Congressman Nadler Calls Attempts to Restructure 9th Circuit Court of Appeals a Dangerous Form of “Judicial Gerrymandering”

Mar 16, 2017 Issues: Civil Liberties, Civil Rights

WASHINGTON, D.C. -- Today, Congressman Jerrold Nadler (D-NY), Ranking Member of the House Judiciary Subcommittee on Courts, Intellectual Property and the Internet, spoke out against calls to break up the 9th Circuit Court of Appeals, including recent comments made by President Donald Trump.  During the Subcommittee hearing examining ideas for restructuring the 9th Circuit, Congressman Nadler highlighted the lack of any evidence to support conservatives’ call for a restructuring of the federal court, calling it a dangerous attempt at “judicial gerrymandering”.

Below is the full text of Congressman Nadler’s opening remarks, as delivered:

“Mr. Chairman, proposals to split up the 9th Circuit Court of Appeals have been floated since, at least, 1941.  But what was a bad idea at the time of Pearl Harbor remains a bad idea today.

“Proponents of splitting up the 9th Circuit generally mask their arguments in concerns over its size, and the supposed detrimental effect this has on judicial efficiency, and the consistency of its rulings.  They say that it covers too much geographical distance, and too large a population, to be effective.  They argue that because it is so large, there is administrative waste, there are procedural delays, and the judges are unable to work together to produce a consistent and rational jurisprudence.

“However, the facts say otherwise.

“It is true that the 9th Circuit is the largest of the 11 regional circuit courts of appeal, in terms of physical area, of population covered, and of caseload.  With a district that includes Alaska, Hawaii, and the territories of Guam and the Northern Mariana Islands, it is no surprise that judges must occasionally travel great distances to serve the entire circuit.  But we have things called jet planes and email that make it possible to minimize the disruption that any physical distance may cause.

“And with California as the anchor state in the circuit, it is unavoidable that it will cover a large population.  Unless you were to split the State in half—which would be disastrous from the point of view of judicial coherence—a large circuit is just a fact of life.

“But there is simply no evidence that the 9th Circuit’s size has impeded its ability to administer justice to the people within its jurisdiction.  To the extent that there is a somewhat higher backlog of pending cases in the 9th Circuit, compared to other circuits, more resources can be devoted to resolving those issues.  Indeed, just yesterday, the Judicial Conference recommended adding an additional 5 judges to the 9th Circuit, which would help reduce the workload per judge.  And technology is being deployed in a variety of ways that help improve administrative efficiency.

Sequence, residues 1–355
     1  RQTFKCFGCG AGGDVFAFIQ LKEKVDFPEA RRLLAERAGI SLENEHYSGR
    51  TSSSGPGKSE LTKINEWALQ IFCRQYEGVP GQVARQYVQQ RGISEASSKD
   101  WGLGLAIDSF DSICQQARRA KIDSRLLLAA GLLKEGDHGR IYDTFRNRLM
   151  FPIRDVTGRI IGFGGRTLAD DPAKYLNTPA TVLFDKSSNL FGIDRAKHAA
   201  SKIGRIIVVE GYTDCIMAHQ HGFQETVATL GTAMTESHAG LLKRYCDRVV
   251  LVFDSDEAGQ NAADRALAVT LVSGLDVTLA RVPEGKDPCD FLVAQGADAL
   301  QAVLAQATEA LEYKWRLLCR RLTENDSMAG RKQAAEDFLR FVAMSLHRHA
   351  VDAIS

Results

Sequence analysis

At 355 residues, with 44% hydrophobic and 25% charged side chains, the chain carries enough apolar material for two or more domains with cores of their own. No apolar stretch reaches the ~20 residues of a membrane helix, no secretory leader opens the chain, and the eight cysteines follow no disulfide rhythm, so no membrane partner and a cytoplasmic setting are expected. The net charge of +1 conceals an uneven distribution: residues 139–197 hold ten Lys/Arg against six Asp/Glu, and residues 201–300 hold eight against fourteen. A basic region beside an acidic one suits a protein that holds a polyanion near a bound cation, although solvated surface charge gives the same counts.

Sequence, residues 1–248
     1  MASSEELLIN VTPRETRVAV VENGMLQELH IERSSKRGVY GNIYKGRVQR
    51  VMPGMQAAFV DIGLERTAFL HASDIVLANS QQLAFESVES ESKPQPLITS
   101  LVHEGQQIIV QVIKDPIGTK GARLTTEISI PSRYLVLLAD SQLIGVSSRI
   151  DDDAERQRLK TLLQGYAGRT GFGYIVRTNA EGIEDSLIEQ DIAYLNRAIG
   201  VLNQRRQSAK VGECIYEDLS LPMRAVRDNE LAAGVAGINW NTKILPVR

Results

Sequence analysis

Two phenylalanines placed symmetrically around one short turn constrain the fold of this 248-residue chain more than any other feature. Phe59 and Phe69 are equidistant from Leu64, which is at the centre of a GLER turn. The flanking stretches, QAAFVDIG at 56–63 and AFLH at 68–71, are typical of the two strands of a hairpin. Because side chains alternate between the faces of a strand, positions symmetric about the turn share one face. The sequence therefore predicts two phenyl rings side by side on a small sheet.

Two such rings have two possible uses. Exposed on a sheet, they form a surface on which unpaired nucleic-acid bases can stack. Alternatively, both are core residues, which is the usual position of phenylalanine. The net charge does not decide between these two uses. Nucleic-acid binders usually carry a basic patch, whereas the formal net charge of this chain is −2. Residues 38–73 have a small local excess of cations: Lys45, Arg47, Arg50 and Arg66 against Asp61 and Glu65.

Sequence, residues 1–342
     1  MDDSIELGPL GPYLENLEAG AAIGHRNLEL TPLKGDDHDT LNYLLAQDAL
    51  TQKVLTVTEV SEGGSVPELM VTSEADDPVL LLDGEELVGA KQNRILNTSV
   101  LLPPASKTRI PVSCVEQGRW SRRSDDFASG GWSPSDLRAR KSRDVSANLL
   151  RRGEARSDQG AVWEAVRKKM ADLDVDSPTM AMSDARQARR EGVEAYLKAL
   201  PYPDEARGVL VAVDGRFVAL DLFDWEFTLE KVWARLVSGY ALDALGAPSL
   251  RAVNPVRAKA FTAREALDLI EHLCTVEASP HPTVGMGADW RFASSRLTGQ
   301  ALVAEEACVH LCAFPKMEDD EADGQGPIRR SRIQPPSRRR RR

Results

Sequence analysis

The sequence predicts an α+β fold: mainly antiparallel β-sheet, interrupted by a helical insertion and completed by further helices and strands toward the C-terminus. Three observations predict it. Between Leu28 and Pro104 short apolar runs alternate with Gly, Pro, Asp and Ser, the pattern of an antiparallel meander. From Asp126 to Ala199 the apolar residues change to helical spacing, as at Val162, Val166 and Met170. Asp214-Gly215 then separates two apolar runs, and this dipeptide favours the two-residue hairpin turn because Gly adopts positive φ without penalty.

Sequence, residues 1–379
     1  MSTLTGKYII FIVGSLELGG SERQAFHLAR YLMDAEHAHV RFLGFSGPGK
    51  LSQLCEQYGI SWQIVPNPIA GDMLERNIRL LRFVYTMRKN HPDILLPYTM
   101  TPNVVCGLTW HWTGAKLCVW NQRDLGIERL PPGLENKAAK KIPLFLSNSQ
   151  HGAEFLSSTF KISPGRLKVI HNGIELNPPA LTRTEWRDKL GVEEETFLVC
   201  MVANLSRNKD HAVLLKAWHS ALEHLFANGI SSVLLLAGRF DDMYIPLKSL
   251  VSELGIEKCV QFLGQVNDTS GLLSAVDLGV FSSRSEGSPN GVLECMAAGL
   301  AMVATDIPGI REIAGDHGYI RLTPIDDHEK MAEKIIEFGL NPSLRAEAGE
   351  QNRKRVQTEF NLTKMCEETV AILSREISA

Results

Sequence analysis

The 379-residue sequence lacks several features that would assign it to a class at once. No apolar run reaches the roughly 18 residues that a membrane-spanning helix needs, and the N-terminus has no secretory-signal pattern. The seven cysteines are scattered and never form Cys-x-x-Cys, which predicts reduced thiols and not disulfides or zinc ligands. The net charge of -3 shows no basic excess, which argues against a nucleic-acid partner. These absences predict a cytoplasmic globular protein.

“There is also no evidence to support the frequently-made claim that the 9th Circuit is a renegade court with wild and unpredictable rulings.  Even the often-cited statistic that the 9th Circuit is allegedly the most reversed circuit at the Supreme Court is wildly misleading.  Given the very small sample size, since so few cases ever reach the Supreme Court, it is hard to conclude much from the sometimes modestly higher rate of reversal that the 9th Circuit faces by the most conservative Supreme Court in many generations.  Indeed, the worst number cited by critics is 2.5 reversals per thousand decisions.

“What this debate is really all about is that conservatives do not like the more liberal rulings that occasionally emerge from the 9th Circuit, and they believe they can manufacture a new circuit that will produce more conservative results.  That is a very different—and a more dangerous—matter.

“Like clockwork, we see proposals to split up the 9th Circuit whenever it delivers a controversial decision with which conservatives disagree.  Whether it is ruling that the Pledge of Allegiance should not include the words “under God”; overturning restrictions on abortion or gay rights, or, most recently its unanimous decision to uphold the temporary stay on President Trump’s unconstitutional Muslim and refugee ban, the 9th Circuit has long been in the sights of Republican politicians.  Just last night, President Trump said at his campaign rally, “[p]eople are screaming, break up the 9th Circuit. And I’ll tell you what, that 9th Circuit – you have to see. Take a look at how many times they have been overturned with their terrible decisions.”

“But to manipulate the federal courts in order to achieve the political ends you seek is highly inappropriate.  Just as there is a nation-wide movement to end legislative gerrymandering, we should resist this form of judicial gerrymandering as well.

“Proponents of splitting up the 9th Circuit will present a vast array of reasons why it is too large and must be broken up.  But none of their arguments withstand scrutiny.  And the proposals they have advanced to solve the alleged harms they cite would not actually achieve the results they say they want.  Any proposed 12th Circuit would still cover a significant distance, and leave in place a large 9th Circuit based in California, all while introducing uncertainty into the law, at great taxpayer expense.

“While I believe that splitting up the 9th Circuit would be both unnecessary and unwise, I appreciate having the opportunity to hear from all of our distinguished witnesses on this issue.  I would note that all three of the judges appearing today, like a majority of their colleagues on the 9th Circuit, oppose such a split, as does the American Bar Association, and numerous other practitioners and experts who have studied this issue in great depth.  I look forward to the judges’ testimony, and the testimony of our other witnesses, and I yield back the balance of my time.”